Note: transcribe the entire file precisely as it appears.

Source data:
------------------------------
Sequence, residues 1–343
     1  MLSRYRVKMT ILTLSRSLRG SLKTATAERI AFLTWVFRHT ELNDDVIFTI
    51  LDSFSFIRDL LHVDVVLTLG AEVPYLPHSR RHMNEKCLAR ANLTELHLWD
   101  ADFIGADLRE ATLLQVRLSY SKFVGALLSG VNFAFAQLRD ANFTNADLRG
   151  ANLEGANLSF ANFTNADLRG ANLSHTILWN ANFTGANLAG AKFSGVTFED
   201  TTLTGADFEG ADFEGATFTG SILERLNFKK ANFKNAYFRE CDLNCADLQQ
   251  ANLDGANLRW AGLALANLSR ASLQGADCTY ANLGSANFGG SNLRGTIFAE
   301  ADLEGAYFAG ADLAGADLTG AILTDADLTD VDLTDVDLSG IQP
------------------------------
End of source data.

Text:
Sequence, residues 1–343
     1  MLSRYRVKMT ILTLSRSLRG SLKTATAERI AFLTWVFRHT ELNDDVIFTI
    51  LDSFSFIRDL LHVDVVLTLG AEVPYLPHSR RHMNEKCLAR ANLTELHLWD
   101  ADFIGADLRE ATLLQVRLSY SKFVGALLSG VNFAFAQLRD ANFTNADLRG
   151  ANLEGANLSF ANFTNADLRG ANLSHTILWN ANFTGANLAG AKFSGVTFED
   201  TTLTGADFEG ADFEGATFTG SILERLNFKK ANFKNAYFRE CDLNCADLQQ
   251  ANLDGANLRW AGLALANLSR ASLQGADCTY ANLGSANFGG SNLRGTIFAE
   301  ADLEGAYFAG ADLAGADLTG AILTDADLTD VDLTDVDLSG IQP